Celebrating 150 years of engineering


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Photo by Courtesy of Special Collections |

Clockwise from top left: Sol-gel formation, 1956. Engineering open house, 1964. Ceramics labs from the school’s earlier years. The electrical engineering class of 1895. Engineering entrance exam, 1948. The Morrill Act of 1862 played a fundamental role in the birth of Rutgers University School of Engineering.


One hundred and fifty years is a long time — about four times longer than Doctor Who has been in production, three times longer than Star Trek has been around and roughly enough time for a student to repeat a full four-year education 37 times.

Rutgers University School of Engineering is celebrating just that amount of time — it turns 150 this year.

Rutgers’ history is one that spans many centuries and political movements. One in particular was responsible for the birth of the School of Engineering: The Morrill Act of 1862.

Thomas Frusciano, the University archivist, keeps careful track of the Rutgers history in his book-filled office at the Alexander Library on the College Avenue campus.

“[The Land-Grant Act received] proceeds from the sale of western lands, west of the Mississippi.  Each state got one piece of land mass, and that money would get devoted to institutions of higher education,” he said. “Rutgers had to persuade the legislature to go against Princeton and Trenton Normal School, which we now know as The College of New Jersey.”

Each state was awarded 30,000 acres of land for each member of Congress that represented it, according to the School of Engineering website.

Rutgers, represented mainly by George Cook and David Murray, won the land grant resulting in the formation of the Rutgers Scientific School, Frusciano said.

“Before you know it, there was more [Rutgers] Scientific School students than there were students in the traditional liberal arts,” he said. “The [Rutgers] Scientific School students also received more scholarships from the extra funding.”

He said the Morrill Act of 1862 is the most significant piece of legislation that affected higher education until the G.I. Bill.

Rutgers Scientific School’s first class consisted of 13 students of which seven were engineers, according to the School of Engineering website.

Frusciano said Rutgers Scientific School was originally located on the College Avenue campus, in the building used today by the Department of English, Murray Hall. But there was a plan to move to Busch Campus, known as University Heights at the time.

This geographic separation caused the Rutgers Scientific School to slowly disassemble — engineering was moving to Busch Campus while agriculture stayed on Cook Campus, he said.

By January 1925, Dean Walter Marvin determined that the Department of Agriculture and the Department of Engineering should re-organize. This led to the creation of the School of Engineering, led by Dean Alfred Titsworth.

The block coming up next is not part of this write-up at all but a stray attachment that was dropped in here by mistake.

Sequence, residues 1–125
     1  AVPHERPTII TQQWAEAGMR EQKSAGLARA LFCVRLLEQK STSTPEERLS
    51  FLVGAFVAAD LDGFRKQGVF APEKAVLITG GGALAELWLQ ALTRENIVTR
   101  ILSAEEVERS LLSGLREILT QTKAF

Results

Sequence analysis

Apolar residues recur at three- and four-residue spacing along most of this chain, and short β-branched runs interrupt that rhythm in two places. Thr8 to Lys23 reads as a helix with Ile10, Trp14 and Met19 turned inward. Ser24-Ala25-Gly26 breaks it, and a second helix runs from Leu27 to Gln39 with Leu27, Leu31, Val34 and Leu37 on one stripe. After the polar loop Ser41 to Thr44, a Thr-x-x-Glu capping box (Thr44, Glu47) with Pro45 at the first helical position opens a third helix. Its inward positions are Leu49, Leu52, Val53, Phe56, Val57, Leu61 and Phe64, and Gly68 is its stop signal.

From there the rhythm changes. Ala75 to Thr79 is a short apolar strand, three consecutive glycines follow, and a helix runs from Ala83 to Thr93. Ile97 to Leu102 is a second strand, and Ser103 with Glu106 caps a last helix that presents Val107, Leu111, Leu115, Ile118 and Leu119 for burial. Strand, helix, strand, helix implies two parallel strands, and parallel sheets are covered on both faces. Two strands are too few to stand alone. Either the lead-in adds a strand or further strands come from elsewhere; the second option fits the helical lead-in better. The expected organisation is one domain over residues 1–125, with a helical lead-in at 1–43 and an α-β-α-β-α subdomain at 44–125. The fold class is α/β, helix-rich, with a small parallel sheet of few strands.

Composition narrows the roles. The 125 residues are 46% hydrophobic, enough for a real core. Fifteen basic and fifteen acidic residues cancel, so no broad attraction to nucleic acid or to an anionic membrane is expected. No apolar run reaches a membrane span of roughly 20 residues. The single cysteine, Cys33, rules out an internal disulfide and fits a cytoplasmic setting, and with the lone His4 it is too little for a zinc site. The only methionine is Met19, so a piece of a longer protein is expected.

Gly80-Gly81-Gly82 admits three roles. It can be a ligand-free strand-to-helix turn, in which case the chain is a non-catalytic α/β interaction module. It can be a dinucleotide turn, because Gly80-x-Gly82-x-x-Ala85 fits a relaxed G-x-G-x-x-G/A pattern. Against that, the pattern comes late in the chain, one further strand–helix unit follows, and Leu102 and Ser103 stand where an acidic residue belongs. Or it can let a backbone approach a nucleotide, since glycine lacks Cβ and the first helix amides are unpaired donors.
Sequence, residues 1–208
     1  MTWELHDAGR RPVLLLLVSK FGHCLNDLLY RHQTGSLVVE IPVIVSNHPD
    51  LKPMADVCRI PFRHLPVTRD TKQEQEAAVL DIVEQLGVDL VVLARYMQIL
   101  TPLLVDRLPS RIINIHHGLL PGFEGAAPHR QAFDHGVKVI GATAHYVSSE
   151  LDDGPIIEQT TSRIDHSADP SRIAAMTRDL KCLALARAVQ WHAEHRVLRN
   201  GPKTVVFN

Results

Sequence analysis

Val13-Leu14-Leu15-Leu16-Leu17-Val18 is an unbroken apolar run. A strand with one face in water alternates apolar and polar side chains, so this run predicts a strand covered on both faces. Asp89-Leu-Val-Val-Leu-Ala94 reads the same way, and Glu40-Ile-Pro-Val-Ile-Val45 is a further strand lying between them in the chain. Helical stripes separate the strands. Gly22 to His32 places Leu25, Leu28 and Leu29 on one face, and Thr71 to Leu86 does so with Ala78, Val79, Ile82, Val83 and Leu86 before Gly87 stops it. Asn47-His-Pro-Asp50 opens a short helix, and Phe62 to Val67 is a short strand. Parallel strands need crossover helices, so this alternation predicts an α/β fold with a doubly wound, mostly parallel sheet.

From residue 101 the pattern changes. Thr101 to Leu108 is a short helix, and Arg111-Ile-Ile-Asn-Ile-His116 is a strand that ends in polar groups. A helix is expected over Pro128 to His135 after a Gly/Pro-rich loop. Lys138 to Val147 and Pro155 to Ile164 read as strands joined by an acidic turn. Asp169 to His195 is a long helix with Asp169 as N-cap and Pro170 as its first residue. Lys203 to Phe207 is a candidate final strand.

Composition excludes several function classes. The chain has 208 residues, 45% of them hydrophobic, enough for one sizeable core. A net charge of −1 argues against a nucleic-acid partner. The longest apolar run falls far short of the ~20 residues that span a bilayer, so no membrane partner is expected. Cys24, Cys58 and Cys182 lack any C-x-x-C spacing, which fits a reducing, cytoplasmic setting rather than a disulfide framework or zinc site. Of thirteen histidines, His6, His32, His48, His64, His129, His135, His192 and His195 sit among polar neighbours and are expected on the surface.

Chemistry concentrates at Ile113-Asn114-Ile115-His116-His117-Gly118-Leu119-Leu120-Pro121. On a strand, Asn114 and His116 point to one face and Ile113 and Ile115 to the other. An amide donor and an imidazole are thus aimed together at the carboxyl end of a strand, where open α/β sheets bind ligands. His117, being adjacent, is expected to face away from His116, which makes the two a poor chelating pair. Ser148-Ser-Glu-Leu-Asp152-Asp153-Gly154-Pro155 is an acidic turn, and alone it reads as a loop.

The presence of the School of Engineering was then solidified by the creation of the current School of Engineering Building in 1962. The $5.5 million building allowed research labs for all fields of engineering in one area.

Since the land-grant act, there have been large charges in enrollment, curriculum and available disciplines, driven by industrialization and war, he said.

While the University started with its roots in civil engineering, other specializations such as ceramics, sanitary engineering and agricultural engineering were offered over time, according to a 1956 booklet titled “Engineering at Rutgers.” Many of these fields of study are no longer available.

The School of Engineering now hosts more than 200 faculty members and 3,000 students, according to the School of Engineering website.

Jeffery Rankin, the assistant dean of the School of Engineering, finds value in the school’s national standing.

“There are [more than] 300 engineering colleges in the United States,” he said. “[Nationally,] less than half of the students who start their first year in engineering majors actually finish their degrees. … Last year’s first-year class of 2016 moved on successfully with an 89 percent retention rate.”

Rankin associates this success with their recruitment efforts, professional community connections and dedication to undergraduate teaching and classroom engagement.

Fred Bernath, associate dean of academic affairs for the School of Engineering, praises the faculty, students and alumni for the progress that the School of Engineering has seen so far.

“We have many successful alumni who have made major contributions to society,” he said.

Examples of these include: Richard Frenkiel, regarded as one of the inventors of the cell phone, and Terry Stewart, president and chief executive officer of the Rock and Roll Hall of Fame and Museum.

“Rutgers [School of Engineering] alums are everywhere,” he said “From Main Street to Wall Street, from Silicon Valley to Silicon Alley, from N.J., to China — making their marks and contributing to society.”

Thomas Farris, dean of the School of Engineering, said he hopes for a new era of growth through the school’s involvement in the Rutgers University Strategic Plan — the inclusion of a new engineering building on Busch Campus.

The faculty of the School of Engineering expects to support interdisciplinary research in the areas of sustainability, wireless communication technologies and manufacturing, he said.

“As we reflect on our 150th anniversary, the School of Engineering has been part of the innovations that define our world through faculty and student research and the achievement of our alumni in the various professions they pursue,” he said. “We are sure to see that success continue another 150 years in the future.”


By Andrew Rodriguez

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